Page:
The words of JPMorgan Chase's CEO, Jamie Dimon, as he admitted late yesterday that the investment bank — or, more precisely, a single "rogue trader" working for the bank, had lost some $2 billion in the last six weeks in risky hedge-fund trades.
The news has sent chills through the markets. Shares of JPMorgan Chase, the largest U.S. bank, lost 7 percent in after-hours trading and British bank Barclays lost 2.9 percent, while more than 2 percent was shaved from Royal Bank of Scotland.
Charles Baird will be alone on the island for one year. He'll able to send short text messages, but won't be receiving any. By freeing himself from all media, he expects to have enough time to make a documentary about himself.
JetBlue Airways apologized after removing a passenger from her flight because she was on a no-fly list. The passenger looks innocent enough — maybe because she's 18 months old. Her mother told WPBF-TV in Florida that the idea her daughter is a threat was "absurd" and "made no sense."
For years, Andrew Kohut, president of the Pew Research Center, has been polling people on the issue of gay marriage. He tells Steve Inskeep his research suggests President Obama's evolution is very much in line with national trends.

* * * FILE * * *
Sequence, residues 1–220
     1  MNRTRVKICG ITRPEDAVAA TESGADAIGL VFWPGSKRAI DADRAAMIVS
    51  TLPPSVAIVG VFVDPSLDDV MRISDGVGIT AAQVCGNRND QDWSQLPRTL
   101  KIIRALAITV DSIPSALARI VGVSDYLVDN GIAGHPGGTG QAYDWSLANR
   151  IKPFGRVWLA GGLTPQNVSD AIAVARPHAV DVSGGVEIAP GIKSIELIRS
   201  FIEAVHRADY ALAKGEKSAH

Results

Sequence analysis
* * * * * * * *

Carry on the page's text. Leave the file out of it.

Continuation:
This spring and summer, we're following two minor league baseball players. We're learning about the pressures on an athlete, the emotional highs and lows, and just what their lives are like. One of the players is a young man named Tyler Saladino. He's in the Chicago White Sox organization, and fans are excited about the future for this 22-year-old.
It's MORNING EDITION, from NPR News. I'm Steve Inskeep.
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JPMorgan Chase has acknowledged losing at least $2 billion over the last six weeks in an investment strategy that went awry. The losses are a big embarrassment to a bank that's usually seen as one of the best-managed on Wall Street. And the incident is already prompting new calls for tighter restrictions on bank trading.
The Department of Justice has announced it is suing Maricopa County Sheriff Joe Arpaio because of civil rights violations. He became a controversial figure for his tough stance on immigrants. Arpaio says he will not surrender his office and will fight the suit.
The Postal Service announced Thursday that it lost more than $3 billion during the first three months of the year. Post office officials are pushing Congress to give it more authority to cut some of its burgeoning costs.
Now, the presidential election is expected to turn on the economy, which means that every bit of economic news takes on political significance. Trouble is, we don't always know what to make of it when we hear that unemployment claims fell again. Sounds good. Or that the trade deficit jumped. Not so good. NPR's Tamara Keith and Scott Horsley will now help us sort that out.
TAMARA KEITH, BYLINE: Whatever story you want to tell about the U.S. economy, you can find some data points to make your case.